Monday, March 17, 2008

Tchaikowsky, Heavenly Father, and Me

by Joyce DiPastena

When I learned that my book, Loyalty’s Web, was a finalist for a Whitney’s Award, I came very near deciding not to attend the awards gala on March 22nd, where the winners will be announced. Not because it was too far to travel to Utah. I have sister who lives in Salt Lake City who would be thrilled to have me visit her for the duration of the Storymakers Conference and a little beyond. Not because of the unlikelihood of my actually winning (my book is up against the national bestseller, Eclipse, after all). But because I had tickets to a concert that fell on the same day as the awards gala. Not just any concert. This was a Tchaikowsky concert.

It isn’t easy for me to attend classical concerts of any kind, because of the distance I live from classical music venues. The closest venue to where I live is the Mesa Arts Center, a good hour and half’s drive from my little town of Kearny. But when I read last fall that the Mesa Symphony (now the Symphony of the Southwest) was going to perform an all-Tchaikowsky concert on March 22, 2008, I snapped two tickets up and found a woman in my ward willing to drive over with me. I had been looking forward to this concert above all other concerts for literally months and months.

Now, to understand why this concert was so important to me, you have to realize that Tchaikowsky is not just any composer to me. In the first place, he and I share a birthday. (Go look him up, if you want to know the date. ;-) ) The main theme of his piano concerto was turned into a popular song during the Big Band era, and was a theme my father played often on the piano as I was growing up. Though neither he nor I knew who Tchaikowsky was at the time, it was clear early on that both my dad and I were always deeply attracted to the wonderful melody. When I went to college, I took a course in Music History, where I learned the full score to Tchaikowsky wonderful piano concerto. I bought a recording and played it over and over on Sunday mornings as I would prepare for Church. What joy that concerto brought to me through those years!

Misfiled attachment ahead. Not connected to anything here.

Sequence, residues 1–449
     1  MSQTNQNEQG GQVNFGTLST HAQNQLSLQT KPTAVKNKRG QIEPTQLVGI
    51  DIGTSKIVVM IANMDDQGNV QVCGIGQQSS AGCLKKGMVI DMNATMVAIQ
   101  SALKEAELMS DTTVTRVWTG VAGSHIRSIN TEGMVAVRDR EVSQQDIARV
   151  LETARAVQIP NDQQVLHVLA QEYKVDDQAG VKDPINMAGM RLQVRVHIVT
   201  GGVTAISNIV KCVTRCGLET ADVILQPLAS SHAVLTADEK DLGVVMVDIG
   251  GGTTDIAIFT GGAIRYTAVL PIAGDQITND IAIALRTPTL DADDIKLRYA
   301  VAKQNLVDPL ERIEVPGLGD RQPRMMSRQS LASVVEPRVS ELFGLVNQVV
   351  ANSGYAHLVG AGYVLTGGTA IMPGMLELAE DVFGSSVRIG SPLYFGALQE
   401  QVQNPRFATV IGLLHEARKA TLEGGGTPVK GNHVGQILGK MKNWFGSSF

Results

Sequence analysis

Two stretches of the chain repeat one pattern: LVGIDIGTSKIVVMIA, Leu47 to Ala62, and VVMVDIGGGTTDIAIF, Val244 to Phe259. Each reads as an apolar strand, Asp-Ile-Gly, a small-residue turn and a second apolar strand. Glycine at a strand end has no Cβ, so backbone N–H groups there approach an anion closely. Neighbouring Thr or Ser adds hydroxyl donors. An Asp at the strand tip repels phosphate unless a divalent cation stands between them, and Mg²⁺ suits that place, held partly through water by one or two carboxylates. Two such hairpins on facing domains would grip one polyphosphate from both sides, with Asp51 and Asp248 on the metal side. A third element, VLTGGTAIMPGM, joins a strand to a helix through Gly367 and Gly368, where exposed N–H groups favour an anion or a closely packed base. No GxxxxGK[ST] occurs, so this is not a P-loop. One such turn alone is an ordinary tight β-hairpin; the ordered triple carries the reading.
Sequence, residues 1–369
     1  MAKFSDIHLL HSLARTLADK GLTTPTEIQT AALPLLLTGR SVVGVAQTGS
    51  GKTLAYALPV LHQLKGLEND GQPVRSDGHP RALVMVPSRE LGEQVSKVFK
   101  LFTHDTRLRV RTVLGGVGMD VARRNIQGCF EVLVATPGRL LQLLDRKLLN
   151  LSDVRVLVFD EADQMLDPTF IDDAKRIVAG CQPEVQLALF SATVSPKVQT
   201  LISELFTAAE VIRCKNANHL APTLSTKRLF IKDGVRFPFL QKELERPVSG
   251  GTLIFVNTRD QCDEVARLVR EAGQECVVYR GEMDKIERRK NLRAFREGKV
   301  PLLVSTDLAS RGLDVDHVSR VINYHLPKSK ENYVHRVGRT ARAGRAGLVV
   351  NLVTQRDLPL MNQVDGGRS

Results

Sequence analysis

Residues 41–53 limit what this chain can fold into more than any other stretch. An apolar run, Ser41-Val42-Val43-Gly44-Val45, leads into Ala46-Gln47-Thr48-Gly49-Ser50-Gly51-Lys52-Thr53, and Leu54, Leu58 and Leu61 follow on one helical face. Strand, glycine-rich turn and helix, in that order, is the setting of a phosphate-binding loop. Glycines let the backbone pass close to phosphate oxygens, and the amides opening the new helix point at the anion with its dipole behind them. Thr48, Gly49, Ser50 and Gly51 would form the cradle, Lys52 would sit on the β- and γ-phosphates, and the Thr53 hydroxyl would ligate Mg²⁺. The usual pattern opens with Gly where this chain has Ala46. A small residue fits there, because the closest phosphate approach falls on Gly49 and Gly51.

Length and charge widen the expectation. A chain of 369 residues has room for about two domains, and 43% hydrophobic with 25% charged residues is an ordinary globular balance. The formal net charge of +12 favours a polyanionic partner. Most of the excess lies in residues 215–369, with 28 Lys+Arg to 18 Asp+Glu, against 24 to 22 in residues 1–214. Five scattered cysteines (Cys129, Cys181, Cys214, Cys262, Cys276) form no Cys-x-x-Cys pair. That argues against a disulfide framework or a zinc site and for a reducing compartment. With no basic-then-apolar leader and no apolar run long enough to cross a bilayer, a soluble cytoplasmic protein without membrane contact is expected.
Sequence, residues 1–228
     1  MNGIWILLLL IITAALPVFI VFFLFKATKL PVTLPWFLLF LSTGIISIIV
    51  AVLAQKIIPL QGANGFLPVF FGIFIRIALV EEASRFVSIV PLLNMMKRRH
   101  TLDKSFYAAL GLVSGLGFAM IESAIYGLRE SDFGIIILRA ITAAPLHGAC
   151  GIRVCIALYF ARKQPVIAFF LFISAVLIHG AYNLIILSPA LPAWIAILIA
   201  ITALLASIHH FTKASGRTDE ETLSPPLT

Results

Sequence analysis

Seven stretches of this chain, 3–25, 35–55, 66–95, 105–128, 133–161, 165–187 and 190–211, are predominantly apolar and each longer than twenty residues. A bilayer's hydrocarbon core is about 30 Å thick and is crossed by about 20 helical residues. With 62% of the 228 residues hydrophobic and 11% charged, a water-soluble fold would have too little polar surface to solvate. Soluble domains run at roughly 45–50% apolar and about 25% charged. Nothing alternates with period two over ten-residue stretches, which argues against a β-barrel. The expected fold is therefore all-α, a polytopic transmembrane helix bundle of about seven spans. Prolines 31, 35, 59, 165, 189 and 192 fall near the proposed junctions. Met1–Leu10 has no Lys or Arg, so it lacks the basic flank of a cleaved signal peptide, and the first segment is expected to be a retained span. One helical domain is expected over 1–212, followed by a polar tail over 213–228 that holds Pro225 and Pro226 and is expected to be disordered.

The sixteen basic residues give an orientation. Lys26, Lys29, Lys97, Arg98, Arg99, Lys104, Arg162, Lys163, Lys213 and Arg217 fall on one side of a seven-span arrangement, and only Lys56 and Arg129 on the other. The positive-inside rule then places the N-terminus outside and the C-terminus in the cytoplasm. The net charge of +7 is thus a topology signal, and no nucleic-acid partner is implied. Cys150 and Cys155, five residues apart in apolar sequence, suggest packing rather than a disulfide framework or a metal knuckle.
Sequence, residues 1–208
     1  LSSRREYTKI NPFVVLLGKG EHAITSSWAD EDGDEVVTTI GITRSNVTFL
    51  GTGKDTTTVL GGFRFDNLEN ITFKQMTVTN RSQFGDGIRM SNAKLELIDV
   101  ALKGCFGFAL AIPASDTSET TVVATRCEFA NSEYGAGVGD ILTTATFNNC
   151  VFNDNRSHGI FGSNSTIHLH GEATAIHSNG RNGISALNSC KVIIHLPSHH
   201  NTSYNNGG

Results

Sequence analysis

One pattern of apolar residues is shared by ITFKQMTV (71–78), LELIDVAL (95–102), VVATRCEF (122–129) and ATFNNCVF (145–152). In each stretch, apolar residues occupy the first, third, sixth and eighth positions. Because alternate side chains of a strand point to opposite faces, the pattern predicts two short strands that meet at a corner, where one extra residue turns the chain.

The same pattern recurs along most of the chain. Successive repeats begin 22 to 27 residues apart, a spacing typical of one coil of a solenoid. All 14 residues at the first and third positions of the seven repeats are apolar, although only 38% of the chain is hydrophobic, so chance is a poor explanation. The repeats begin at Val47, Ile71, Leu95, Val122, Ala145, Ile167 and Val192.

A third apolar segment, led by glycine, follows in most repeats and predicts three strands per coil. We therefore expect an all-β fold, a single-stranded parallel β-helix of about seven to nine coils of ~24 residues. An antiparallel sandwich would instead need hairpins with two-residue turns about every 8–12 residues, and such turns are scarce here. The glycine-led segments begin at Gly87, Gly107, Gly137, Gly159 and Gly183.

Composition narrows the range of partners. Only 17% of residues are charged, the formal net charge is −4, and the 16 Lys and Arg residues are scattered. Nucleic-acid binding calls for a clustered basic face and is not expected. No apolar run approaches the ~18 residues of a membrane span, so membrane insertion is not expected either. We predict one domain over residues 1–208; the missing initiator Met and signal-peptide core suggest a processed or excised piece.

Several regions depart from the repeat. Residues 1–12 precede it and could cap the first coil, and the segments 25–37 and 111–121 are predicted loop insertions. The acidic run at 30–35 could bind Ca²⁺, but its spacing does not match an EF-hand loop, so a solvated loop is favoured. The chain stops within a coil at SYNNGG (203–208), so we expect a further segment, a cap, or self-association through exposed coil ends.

Then came a long period after graduation where Tchaikowsky and I parted ways for many years. Not out of any conscious decision, just kind of a gradual slipping away and moving on. It was not until a few years ago, when both my parents died, that he came sweeping back into my life in a most unexpected way.

I had spent many years as a live-in caretaker for my parents, and when they passed away, I found myself alone for the first time in many, many years. The house was unnervingly quiet and I was, of course, very lonely. I tried to fill the void with music. I had assembled a collection of Classical audio tapes that I had never really listened to much before then. But to fill the quiet, I decided to start listening to them, especially in the evenings while I cooked and did the dishes at night. I started “at the back”, with Wagner and Vivaldi…as wonderful as Vivaldi was, I remember how “frantic” his Baroque music seemed to sound in my ears, almost nerve-jarring (though I no longer feel that way today). Working my way backwards, it was not too long before I came to Tchaikowsky. The instant I hit the “play” button, the instant his Romantiac themes began to flow from my tape player, I felt this curious feeling of calmness and peace flow over me, something none of the other composers had brought into my heart at that point. A long ago bond was instantly revived, and even expanded as I became acquainted with glorious new compositions that I had never known before. Unlike other composers, which whom I have more “gradually” fallen in love, my love affair with Tchaikowsky’s music was instant and complete. And I have never forgotten, or failed in my gratitude, for the comfort and, yes, joy his music brought to me in those lonely days after the passing of my parents.